In the current trial of nearly 30,000 men, vegetable consumption declined by more than three servings per week in men following the death of a spouse, and nearly two servings per week after a divorce.

Divorced men were more likely to smoke than their married peers but those who remarried were likely to quit, the studies show. Widowed men were more likely than married men to drink heavily--more than 21 drinks a week.

However, it is not clear  from the study why widowers or newly single men may be more lax when it comes to their health, but study co-author Dr. Ichiro Kawachi presumes that women have a salutary effect on men.

"Women in general are much better at keeping doctor and dentist appointments. And there may be an unequal distribution of cooking tasks at home...even though most women are also working in paid jobs," said Kawachi.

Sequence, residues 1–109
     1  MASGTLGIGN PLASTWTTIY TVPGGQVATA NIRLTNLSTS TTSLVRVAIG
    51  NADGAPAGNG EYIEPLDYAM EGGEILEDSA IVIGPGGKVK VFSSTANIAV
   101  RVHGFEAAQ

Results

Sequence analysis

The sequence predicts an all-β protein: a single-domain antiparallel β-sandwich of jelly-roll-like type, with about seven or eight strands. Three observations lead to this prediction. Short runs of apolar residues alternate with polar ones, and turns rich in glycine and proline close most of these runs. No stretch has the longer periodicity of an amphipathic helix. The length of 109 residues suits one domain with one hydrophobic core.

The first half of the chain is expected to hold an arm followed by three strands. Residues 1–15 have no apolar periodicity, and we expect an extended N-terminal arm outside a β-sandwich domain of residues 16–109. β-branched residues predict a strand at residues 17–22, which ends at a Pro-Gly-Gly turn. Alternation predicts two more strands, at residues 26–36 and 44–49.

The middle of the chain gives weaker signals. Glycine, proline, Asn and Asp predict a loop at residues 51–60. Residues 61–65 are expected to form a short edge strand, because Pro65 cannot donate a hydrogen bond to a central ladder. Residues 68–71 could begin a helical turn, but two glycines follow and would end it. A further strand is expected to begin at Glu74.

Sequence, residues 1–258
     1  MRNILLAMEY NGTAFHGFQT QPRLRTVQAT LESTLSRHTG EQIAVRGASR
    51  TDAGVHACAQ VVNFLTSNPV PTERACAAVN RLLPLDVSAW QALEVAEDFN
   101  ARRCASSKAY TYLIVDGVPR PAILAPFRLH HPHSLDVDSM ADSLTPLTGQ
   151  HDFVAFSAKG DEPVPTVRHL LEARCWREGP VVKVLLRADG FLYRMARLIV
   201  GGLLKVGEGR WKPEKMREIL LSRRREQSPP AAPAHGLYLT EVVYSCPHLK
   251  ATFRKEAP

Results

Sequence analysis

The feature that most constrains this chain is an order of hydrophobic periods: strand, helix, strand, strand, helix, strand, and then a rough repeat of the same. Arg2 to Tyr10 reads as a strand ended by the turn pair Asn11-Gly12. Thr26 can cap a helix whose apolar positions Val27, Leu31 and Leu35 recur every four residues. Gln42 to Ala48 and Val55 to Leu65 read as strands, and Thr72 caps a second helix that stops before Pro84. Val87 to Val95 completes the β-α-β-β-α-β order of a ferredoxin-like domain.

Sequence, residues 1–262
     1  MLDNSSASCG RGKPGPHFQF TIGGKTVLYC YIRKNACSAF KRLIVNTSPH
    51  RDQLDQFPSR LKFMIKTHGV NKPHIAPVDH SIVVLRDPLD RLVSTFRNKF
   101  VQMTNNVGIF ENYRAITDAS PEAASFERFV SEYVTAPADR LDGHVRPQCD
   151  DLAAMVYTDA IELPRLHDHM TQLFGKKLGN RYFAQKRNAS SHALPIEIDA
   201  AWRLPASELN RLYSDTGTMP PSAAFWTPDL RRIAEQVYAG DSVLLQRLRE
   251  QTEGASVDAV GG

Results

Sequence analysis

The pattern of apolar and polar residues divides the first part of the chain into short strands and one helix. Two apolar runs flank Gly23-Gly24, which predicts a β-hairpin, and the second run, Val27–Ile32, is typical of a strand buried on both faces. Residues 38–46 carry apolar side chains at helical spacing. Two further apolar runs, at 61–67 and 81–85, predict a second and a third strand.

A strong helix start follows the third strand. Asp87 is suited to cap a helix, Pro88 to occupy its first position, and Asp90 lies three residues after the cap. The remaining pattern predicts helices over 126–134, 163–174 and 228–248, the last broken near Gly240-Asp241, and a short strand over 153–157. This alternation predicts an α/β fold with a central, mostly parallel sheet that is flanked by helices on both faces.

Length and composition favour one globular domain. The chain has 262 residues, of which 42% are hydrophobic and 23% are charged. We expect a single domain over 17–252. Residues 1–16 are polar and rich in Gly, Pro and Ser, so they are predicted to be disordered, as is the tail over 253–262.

Indeed, newly single men also increased their consumption of fried foods outside the home.

Kawachi said that doctors should be aware of their male patients' marital status and inquire about changes when their health habits begin to slip.

According to an earlier study, divorce or marital separation more than doubled the risk of suicide in men but was unrelated to suicide risks in women. Another study linked lower blood pressure in men with social support from a spouse.

 White House says that tax cuts would aid lower incomes

A story released today by the Associated Press reports that the White House released a Treasury Department analysis of President Bush's income tax cuts showing the plan would most help people with low to moderate incomes.

Democrats reiterate, however, that the analysis doesn't include Bush's plan to eliminate estate taxes, which affects about 2 percent of people who die each year. They asserted that in sheer dollar terms the wealthy would still benefit more.

A Treasury Department statement accompanying the analysis, known as a distribution table, pointed out that the share of income tax relief for taxpayers with incomes of $100,000 or less would be greater than the share of income taxes they now pay.

For example, those earning incomes between $30,000 and $40,000 would see their portion of income taxes paid drop from the current 2.5 percent to 1.8 percent under the Bush plan. They would get 6.5 percent of the total Bush tax cut studied by the Treasury.